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At equilibrium, the concentrations do not change with time. So, is it true that the rates of the chemical reactions are zero at equilibrium? Wikipedia says that they are not zero. Why is this?

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    $\begingroup$ Who say these two r zero?? $\endgroup$ – Vidyanshu Mishra Nov 22 '16 at 18:27
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In equilibrium, the forward and backward rates are equal to each other. The net is zero, but the individual rates are not zero.

Consider something as simple as water — we know that the water molecule can dissociate in to an $\ce{OH-}$ and $\ce{H+}$, and the pH is a direct measure of the amount of $\ce{H+}$. Once equilibrium is achieved, it isn't like $\ce{H2O}$ stops splitting, or $\ce{H+}$ and $\ce{OH-}$ get back together — it is just at a macro level nothing changes.

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The magic word here is "dynamic equilibrium". Let's look into that.

Let's say we got a simple reaction like: $$\ce{A <--> B}$$

Now how fast does A react to B? For this case we assume first order in both directions, which means the reaction rate would be:

$$r_1= [\ce{A}] \times k_1$$

and of course for the reaction back it's

$$r_2=[\ce{B}]\times k_2$$

So in both cases the reaction rate is dependend on the concentration of the reactant, that's very important.

Now let's say we start off with only A, in this case $r_1$ will be large and $r_2$ will be 0, since there's no B there. Now A gets less and B is getting more, so $r_1$ is going down and $r_2$ is going up. At some point $r_1$ will be equal to $r_2$, but this means there will be as much of A produced from B, than A will react to B. And the same for B. So over all the reaction is still going in both directions, but it's in a dynamic equilibrium.

Here's an example which describes this pretty well:

Let's imagine you got a backyard and right on the boarder to the next one is an apple tree and a lot of old apples are laying on the ground. You don't like those in your garden, so you go around, pick them up and throw them into your neighbours garden. He doesn't like that and starts throwing them back. Now he is old and is moving much slower than you are, so what is happening?

At first there are a lot of apples on your side and you might need to walk some meters but then you can pick one up and throw them. So you will throw a lot of apples very fast. On the other hand there aren't many apples on the other side and the old man is slow, so he needs much longer to grab one. So he isn't throwing them back to you very rapidely. But here's the problem: the more apples you throw the less apples there are, and you need to move longer distances to grab one. So the rate in which you are throwing apples decreases. On the other side there are more and more apples, so the old man doesn't need to move far to grab one, so his rate in throwing apples increases.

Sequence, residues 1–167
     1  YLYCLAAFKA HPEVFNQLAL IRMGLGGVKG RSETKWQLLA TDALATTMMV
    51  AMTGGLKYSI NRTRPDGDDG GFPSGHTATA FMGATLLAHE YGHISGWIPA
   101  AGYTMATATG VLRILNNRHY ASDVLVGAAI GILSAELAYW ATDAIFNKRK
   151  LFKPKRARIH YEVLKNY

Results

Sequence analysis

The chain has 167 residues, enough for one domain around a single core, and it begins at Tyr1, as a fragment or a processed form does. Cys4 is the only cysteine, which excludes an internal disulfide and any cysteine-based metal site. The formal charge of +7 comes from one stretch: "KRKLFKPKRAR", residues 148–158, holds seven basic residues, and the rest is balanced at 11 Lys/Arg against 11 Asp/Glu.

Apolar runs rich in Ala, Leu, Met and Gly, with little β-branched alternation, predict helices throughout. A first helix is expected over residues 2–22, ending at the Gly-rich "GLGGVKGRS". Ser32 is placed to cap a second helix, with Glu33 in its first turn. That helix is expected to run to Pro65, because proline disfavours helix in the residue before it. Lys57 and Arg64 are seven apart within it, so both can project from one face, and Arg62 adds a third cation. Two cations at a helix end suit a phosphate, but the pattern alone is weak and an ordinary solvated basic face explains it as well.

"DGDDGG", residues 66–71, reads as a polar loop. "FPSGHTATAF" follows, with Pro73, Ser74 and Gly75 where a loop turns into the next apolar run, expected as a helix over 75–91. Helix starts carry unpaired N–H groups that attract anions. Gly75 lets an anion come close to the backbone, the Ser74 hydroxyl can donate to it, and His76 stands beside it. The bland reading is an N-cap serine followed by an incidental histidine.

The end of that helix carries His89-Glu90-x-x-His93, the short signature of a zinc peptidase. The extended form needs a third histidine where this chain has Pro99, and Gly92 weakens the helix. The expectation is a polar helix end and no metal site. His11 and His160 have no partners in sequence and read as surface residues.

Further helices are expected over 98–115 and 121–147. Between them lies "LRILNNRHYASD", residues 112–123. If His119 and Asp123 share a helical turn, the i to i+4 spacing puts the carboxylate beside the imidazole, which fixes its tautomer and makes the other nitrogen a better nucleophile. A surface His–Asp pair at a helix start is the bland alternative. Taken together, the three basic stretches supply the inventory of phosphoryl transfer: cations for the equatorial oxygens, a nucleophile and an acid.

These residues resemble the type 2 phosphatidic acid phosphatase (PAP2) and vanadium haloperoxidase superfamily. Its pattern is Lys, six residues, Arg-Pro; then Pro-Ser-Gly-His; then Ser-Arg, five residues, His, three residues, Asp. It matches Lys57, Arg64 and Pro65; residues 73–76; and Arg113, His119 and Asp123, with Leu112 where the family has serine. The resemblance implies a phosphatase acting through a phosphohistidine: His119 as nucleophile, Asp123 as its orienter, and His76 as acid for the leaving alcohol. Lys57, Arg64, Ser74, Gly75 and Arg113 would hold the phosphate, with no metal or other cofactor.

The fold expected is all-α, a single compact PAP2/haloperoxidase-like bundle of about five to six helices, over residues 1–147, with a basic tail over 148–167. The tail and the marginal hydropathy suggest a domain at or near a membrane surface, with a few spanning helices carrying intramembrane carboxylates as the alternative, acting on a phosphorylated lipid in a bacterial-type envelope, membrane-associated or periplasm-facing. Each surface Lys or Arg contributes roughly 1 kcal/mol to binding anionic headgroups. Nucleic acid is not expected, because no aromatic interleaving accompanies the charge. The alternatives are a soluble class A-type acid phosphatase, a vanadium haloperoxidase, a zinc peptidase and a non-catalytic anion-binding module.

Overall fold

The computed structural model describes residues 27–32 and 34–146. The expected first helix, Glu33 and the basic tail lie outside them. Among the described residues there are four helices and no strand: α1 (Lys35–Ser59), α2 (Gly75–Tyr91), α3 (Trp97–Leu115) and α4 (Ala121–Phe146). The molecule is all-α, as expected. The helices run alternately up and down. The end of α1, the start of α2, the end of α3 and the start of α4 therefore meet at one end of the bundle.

After some time there will be a point where for every apple you throw to your neighbour he will throw one back. And if you count the total number of apples on each side it will pretty much stays the same, even if there are apples flying in both directions the whole time.

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Correction to above statement which assumes that there must be equal concentrations of products and reactants in an equilibrium reaction.

In equilibrium there is no net change of products or reactants. The forward and backward rates are only equal to eachother if there are equal amounts of products and reactants which is not always the case.

A reaction can be 99% reactants, 1% products and be in equilibrium as long as those concentrations are not changing, and in that case the forward and reverse reaction rates are not equal.

Consider for example the disassociation of a weak acid: HA <> H+ + A- since it is a weak acid you already know the equilibrium will lie to the left with most of the acid not disassociated. The forward rate is smaller than the reverse rate. If the [HA], and [H+][A-] are not changing over time, the reaction has reached equilibrium. There is always HA disassociating, and H+ and A- combining, but the overall concentrations do not change.

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    $\begingroup$ I don't see anywhere that it says that the concentrations are equal. $\endgroup$ – hBy2Py Nov 21 '16 at 19:11
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So, is it true that the rates of the chemical reactions are zero at equilibrium?

Here you are making a mistake. Just take a simple look at the definition of equilibrium you will find that:

In a chemical reaction, chemical equilibrium is the state in which both reactants and products are present in concentrations which have no further tendency to change with time. Usually, this state results when the forward reaction proceeds at the same rate as the reverse reaction.

What the last line says is the state of equilibrium results when the forward reaction proceeds at the same rate as the reverse reaction i.e rate if reactions (forward and backward) become equal not each zero.

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